So we set off with the GPS and promptly got ourselves a little lost. Nothing Samantha said matched the signs in front of us. We were trying to get to Rocamador, which John wanted to see instead of taking the main freeway. Samantha kept insisting we go one way, but the signs suggested something else. So after about a 10 km detour, we were back on track and did find the hilly, swervy country roads that led us to the unique town of Rocamador. It was a truly beautiful town nestled into a canyon.


We continued driving, about 4 more hours. It makes me a little punchy driving that long. So we stopped in Arles to stretch our legs and we saw a beautiful Roman coliseum that I visited 20 years ago when I passed through town when I spent a summer session at Universite de Paul Valery.

Coliseum in Arles

Finally we approached Marseille, after such a long and tiring drive. We got to the place I had rented, and it was more rustic than had been promised. Immediately I wanted to leave, but John suggested we try to stick it out since we would not be there long. We went into Marseille’s Vieux Port and toured around and ate some dinner. We noted that the area seemed less posh than some we had been in. On the drive home, just after dark, we passed through a beautiful intersection with four ornate and stately buildings forming a square. I wanted to take a picture, but John admonished that I should not open my car windows. It was indicative of how we felt in Marseille.

Then, next thing we knew, we were at the next stop light and my car door flew open. I did not understand what was happening until I heard John screaming “Ah! Ah! Ah!” Suddenly, in my lap was the helmet of a motorbiker who had seen our Spain license plates and decided he wanted my GPS and purse. John and I had thought all along that the car had auto locks—I swear they had locked by themselves before, though now I know they had not.

So when my car door opened, there in my lap was the helmet of a motorbiker who had his grimy paws on my body and on my purse, which was lodged in between the seat and center console. John continued to scream while he also did a masterful job of clenching the motorbiker’s helmet. John held the motorbiker while I proceed to beat him with my fists and kick him with my knees, both me and John screaming at the tops of our lungs. There were plenty of people all over the street and no one budged. Finally the biker broke free, but then he tried coming in the back door. The light changed, and we were able to drive away.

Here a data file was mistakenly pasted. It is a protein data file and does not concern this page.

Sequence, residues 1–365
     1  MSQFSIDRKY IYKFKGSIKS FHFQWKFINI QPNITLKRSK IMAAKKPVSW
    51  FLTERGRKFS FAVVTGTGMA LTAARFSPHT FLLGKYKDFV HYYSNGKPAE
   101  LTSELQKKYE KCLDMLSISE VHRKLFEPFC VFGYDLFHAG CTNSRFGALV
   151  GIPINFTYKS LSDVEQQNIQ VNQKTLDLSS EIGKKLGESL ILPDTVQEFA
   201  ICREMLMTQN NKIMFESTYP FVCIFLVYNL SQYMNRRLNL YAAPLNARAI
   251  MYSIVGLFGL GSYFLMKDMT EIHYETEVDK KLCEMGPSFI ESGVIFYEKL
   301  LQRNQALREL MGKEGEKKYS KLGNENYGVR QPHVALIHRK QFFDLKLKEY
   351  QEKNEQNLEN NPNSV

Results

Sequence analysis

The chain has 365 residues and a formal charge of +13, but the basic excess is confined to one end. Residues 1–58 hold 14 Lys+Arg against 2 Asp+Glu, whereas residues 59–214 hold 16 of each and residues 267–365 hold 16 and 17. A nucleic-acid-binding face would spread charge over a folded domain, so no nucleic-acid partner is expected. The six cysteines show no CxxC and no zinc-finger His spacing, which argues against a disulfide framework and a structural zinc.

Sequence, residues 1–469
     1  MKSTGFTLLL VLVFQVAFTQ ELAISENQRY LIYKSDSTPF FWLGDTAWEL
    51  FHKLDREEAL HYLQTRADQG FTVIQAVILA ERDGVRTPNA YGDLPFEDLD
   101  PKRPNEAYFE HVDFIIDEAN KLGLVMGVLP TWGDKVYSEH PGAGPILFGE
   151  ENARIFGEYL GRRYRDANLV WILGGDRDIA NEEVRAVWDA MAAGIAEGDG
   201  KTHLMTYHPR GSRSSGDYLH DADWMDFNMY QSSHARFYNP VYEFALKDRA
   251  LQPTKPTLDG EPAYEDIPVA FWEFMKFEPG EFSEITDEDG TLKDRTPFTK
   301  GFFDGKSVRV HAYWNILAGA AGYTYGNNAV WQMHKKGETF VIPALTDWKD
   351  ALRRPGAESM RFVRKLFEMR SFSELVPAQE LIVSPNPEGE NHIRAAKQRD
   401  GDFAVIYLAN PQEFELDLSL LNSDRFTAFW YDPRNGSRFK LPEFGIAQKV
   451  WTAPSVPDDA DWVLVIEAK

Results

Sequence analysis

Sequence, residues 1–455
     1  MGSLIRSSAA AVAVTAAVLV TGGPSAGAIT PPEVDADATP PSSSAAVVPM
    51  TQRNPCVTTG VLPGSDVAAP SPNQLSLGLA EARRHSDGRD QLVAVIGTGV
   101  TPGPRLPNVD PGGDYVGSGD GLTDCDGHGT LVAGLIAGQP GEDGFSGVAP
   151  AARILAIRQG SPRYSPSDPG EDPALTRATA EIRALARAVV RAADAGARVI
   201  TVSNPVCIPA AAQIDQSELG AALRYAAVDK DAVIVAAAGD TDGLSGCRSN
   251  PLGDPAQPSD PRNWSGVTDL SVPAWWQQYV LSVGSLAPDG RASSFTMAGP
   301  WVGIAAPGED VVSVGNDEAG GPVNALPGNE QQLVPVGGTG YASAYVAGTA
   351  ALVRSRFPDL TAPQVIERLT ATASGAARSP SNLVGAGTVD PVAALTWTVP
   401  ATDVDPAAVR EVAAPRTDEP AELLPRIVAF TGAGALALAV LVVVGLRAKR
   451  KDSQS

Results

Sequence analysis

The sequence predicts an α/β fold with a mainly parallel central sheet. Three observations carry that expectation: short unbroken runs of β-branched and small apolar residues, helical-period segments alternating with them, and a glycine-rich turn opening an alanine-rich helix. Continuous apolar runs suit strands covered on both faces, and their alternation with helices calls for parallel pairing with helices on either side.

We have traveled all over the world and nothing like this has ever happened to us. I guess it’s a good lesson, and we are moving on now. We are leaving Marseille for a smaller town.

Day 7 Canoeing the Dordogne

This morning we needed to be down to the dock at 9 am in order to catch the shuttle for the canoeing. So John and I got up early and went for a quick run, then we had a lovely Beynac breakfast, which consists of white peach, cherries, goat cheese, and a croissant. I could get used to this. At 9 we presented ourselves at the parking lot for the shuttle, and we waited about 15 minutes for the driver, who was on country time. The shuttle took us up stream where we put in our canoes. The Hinckleys were doing 15 km with the kids, and John and I were doing 22 km. So we said goodbye at the first stop, and headed off to Cersac, where the bus driver took our picture and put us in the river.

Trish and John a la Dordogne

The first few km were very quiet and calm and we saw many birdies and fishies and enjoyed the green trees. Soon we paddled up to our first Chateau of the trip, which was the Chateau de Monfort. We had a beautiful view as we floated by. Next we came to another medieval town, La Roque-Gageac, where we pulled off and ate a picnic lunch of bread, cheese, and curry chicken legs left over from dinner the night before. We walked around the beautiful town built into a side of a cliff.

La Roque-Gageac

Soon we passed Marqueyssac and Chateau de Castelnaud, which we had toured the previous day. It was fun to see them from the water. We passed one more castle before we approached Beynac, which was even more impressive from the river. We really enjoyed seeing it from the water. We found the Hinckleys on the beach and John caught some fish for Justin.

John and Hinckleys

When we got home, it was time for a serious nap. We did that, then walked down to the restaurant La Tornelle for a dinner of fish soup, duck leg, and walnut cake. When we got home, the adults watched a movie while Justin played World of Warcraft and Emma enjoyed sitting on laps. What a beautiful day, and how sad we are that we have to leave tomorrow. Thanks again for inviting us to France Kirk and Corinne. It was so lovely to spend time with you and the house and region were so beautiful.